Is Raw Fish Good For You?

Raw fish is eaten around the world. It is particularly popular in sushi dishes, although it can also be found in foods like tartare and ceviche. Many people prefer the flavor and texture of some kinds of fish when they are raw instead of cooked. But is this seafood preparation healthy? According to Healthline, there are a few health benefits to eating this type of fish. Raw fish isn't exposed to contaminants that can come from this meat being fried or grilled. These contaminants, called heterocyclic amines, can increase your risk of developing cancer. Cooked fish also has a smaller amount of omega-3 fatty acids, which provides a variety of health benefits.

However, raw fish comes with some risks as well. Cooking any kind of meat kills bacteria and parasites that might be present. Bacteria that can cause food poisoning found in some types of raw fish include Listeria, Vibrio, Clostridium, and Salmonella. While these bacteria shouldn't be found in fresh fish that is well-prepared, there is always a risk when consuming raw or undercooked meat. Raw fish also has a higher likelihood of containing mercury than cooked fish. This can lead to mercury poisoning, which can cause neurological damage.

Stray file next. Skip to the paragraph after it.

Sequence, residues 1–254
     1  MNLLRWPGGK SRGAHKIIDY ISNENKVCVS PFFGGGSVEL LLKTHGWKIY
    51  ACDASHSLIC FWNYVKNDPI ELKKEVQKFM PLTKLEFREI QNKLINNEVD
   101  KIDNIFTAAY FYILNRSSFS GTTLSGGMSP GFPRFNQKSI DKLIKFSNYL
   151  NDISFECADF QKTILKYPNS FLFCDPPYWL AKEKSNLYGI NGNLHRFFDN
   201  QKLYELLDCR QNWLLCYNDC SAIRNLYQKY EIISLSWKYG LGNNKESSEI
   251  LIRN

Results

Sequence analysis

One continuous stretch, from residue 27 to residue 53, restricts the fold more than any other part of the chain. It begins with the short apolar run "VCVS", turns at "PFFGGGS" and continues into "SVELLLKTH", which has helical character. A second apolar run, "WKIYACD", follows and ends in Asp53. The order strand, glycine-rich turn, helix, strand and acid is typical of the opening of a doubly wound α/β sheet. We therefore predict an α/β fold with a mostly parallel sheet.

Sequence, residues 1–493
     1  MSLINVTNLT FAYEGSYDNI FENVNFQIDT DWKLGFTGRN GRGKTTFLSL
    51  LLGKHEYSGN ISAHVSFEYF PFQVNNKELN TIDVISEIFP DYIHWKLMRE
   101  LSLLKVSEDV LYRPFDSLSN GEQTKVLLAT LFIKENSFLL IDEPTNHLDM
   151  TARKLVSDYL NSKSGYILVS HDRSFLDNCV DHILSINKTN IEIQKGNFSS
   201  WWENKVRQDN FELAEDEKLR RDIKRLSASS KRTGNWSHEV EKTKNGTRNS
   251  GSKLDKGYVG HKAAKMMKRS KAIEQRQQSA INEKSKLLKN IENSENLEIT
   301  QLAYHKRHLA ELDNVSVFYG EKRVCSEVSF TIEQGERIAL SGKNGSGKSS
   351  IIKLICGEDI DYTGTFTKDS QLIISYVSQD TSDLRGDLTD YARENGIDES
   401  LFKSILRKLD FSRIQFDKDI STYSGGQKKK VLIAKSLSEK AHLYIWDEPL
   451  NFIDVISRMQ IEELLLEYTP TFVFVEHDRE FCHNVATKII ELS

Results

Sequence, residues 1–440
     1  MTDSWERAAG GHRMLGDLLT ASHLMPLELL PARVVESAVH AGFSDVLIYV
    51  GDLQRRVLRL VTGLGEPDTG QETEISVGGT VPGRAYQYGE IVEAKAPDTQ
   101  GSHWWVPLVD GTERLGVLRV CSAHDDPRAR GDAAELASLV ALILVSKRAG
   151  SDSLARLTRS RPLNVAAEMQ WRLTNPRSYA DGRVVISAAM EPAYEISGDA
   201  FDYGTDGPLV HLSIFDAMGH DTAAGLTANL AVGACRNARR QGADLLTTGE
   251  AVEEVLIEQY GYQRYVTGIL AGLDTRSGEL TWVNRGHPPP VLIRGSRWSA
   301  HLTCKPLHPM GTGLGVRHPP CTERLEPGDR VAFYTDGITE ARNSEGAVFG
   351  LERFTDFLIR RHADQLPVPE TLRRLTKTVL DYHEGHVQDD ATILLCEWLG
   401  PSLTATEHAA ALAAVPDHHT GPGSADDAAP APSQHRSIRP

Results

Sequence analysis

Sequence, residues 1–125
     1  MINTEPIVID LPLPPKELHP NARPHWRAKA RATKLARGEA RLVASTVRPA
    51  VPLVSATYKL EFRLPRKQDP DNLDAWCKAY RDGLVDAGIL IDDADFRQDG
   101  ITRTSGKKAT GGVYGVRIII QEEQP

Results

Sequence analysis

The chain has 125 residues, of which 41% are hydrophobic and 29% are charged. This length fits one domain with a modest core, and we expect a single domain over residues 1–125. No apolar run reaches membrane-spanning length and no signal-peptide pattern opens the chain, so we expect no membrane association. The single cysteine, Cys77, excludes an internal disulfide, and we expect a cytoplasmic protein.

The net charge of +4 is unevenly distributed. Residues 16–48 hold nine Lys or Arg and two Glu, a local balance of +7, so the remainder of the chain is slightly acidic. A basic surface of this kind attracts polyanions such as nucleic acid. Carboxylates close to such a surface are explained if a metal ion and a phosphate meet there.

How to stay safe when eating raw fish

While eating raw fish comes with some risks, there are ways you can reduce your risk of eating a bad piece of meat. According to Cleveland Clinic, you should only buy sushi from well-reviewed restaurants. If other people have had unpleasant experiences, you probably will too. If you're purchasing raw fish to eat at home, make sure you can keep it very cold until it's ready to eat. "If you're buying sushi to go, grab a tray from the bottom of the fridge, where the air tends to be coldest," said registered dietitian Kate Patton, RD.

According to the US Food and Drug Administration, you should also avoid buying frozen fish with ice crystals on the packaging. This usually means that the fish has been thawed and refrozen, which increases the risk of harmful bacteria lurking on the product. If you're browsing the seafood counter, make sure that you don't actually smell any of the products. "If you walk into a store and the seafood section smells like seafood, turn around and go the other way," Stephanie Harris-Uyidi, host of the "Posh Pescatarian: Appetite for Adventure" television series, told NBC News. Smelly fish likely hasn't been cleaned or stored properly.